Currencies. Investors looking to eliminate equity risk while minimizing credit and interest risk, but also not interested in too much U.S. dollar risk, may want to consider looking at holding cash in different currencies. Currencies historically have a low correlation to equities or bonds. This clearly introduces currency risk to a portfolio, but maybe that's the sort of risk that's under-represented in a portfolio. Investing in the S&P 500 provides much less international diversification than you might think, as about 90% of the earnings of S&P 500 companies are hedged back into the U.S. dollar (please see our white paper U.S. Investors Overexposed to U.S. Dollar Risk?). And investing in an international equity fund rarely focuses on managing the currency risk specifically; indeed, as we indicated above, investors have been getting more beta (volatility), but little extra alpha (added performance).
Investors often shy away from currencies believing they are risky, difficult to predict and, ultimately, it's a race to the bottom anyway. We beg to differ, notably:
Unlike their reputation, currencies are less volatile than stocks or bonds. When the euro moves a full cent versus the dollar, it moves major economies, but on a percentage basis, it's a small move. Because of their inherently lower volatility, currency strategies - as long as they don't use leverage - may offer downside resilience in an investment portfolio ("resilience" does not suggest one cannot lose money, but a less volatile strategy might lose less money than riskier alternatives in a down market).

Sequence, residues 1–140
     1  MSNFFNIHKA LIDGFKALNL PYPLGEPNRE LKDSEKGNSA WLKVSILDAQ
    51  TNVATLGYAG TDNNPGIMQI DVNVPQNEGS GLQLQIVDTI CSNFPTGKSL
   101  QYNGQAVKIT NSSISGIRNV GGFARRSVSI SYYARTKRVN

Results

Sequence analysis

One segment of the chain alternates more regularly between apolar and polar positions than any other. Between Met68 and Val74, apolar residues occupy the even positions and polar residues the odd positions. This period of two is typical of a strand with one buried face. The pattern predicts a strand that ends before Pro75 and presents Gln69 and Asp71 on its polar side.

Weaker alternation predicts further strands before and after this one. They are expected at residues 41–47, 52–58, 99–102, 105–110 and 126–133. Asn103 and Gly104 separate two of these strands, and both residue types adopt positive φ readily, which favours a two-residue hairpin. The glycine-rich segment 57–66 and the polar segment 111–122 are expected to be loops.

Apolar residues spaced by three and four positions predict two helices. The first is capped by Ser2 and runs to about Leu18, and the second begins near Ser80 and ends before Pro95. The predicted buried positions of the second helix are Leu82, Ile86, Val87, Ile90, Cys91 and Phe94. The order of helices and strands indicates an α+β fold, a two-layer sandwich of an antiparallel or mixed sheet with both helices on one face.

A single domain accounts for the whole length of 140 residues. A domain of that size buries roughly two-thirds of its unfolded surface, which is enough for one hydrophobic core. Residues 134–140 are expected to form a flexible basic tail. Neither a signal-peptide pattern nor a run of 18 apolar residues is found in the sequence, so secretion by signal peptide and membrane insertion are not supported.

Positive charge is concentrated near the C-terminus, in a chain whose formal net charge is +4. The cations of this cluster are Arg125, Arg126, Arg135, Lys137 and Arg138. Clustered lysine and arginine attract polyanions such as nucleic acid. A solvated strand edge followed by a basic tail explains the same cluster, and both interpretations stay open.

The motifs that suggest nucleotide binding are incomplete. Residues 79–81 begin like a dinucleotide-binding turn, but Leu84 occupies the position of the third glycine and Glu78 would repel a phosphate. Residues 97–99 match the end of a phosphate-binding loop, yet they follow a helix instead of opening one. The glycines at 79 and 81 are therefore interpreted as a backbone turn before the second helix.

We believe currencies reflect the 'mania of policy makers'. Investors buying stocks because of quantitative easing should be aware that they are taking on a great deal of noise of the equity market. The currency market, in contrast, might provide for a more pinpointed way of projecting policy moves onto the currency market. We may not like what our policy makers are up to, but think they are rather predictable.
Not all central banks are created equal. As central banks print varying amounts, it proves that currencies are not a zero sum game. We believe studying central banks provides an opportunity to stay a step ahead of policy makers, so that investors have an opportunity to profit from rather than necessarily suffer from the so-called race to the bottom.
We urge everyone to sign up for Merk Insights, our newsletter where we dedicate a lot of time to discuss how global dynamics impact the U.S. dollar and currencies.
Gold. So is gold the safe haven we have been waiting for? In 2008, gold performed rather well. In recent months, however, pundits have come out suggesting the shine has come off the yellow metal. I personally like gold because there's too much debt in the world; while the Europeans are experimenting with austerity, the Brits, Japanese and Americans are, in my assessment, more likely to deploy their printing presses in an effort to kick their respective cans down the road. But risk free, when measured in U.S. dollars, it is not. Indeed, the volatility of the metal has been significant of late. But gold is an example how something not moving in tandem with the rest of the portfolio may be something to be embraced rather than shied away from. For a more in-depth discussion on how gold might have valuable diversification benefits, please see the Merk Gold Report on the topic.
Other Commodities. There are other commodities, but keep in mind that as volatile as gold is, it's historically the least volatile commodity. When moving beyond gold, dynamics also get more complex, going beyond the scope of the analysis here.
Other Alternatives. There are other alternatives beyond currencies, gold & commodities in general, some of which seek absolute returns. In principle, pursuing an absolute return strategy may be a good idea to protect a portfolio to the downside. But keep in mind that in 2008, when push came to shove, many alternative strategies could not be executed as stocks could not be shorted in long-short equity strategies; and liquidity completely dried up in more esoteric strategies. Another reason to have a look at currencies, liquidity is generally not a problem: about $4 trillion in currency transactions take place every business day.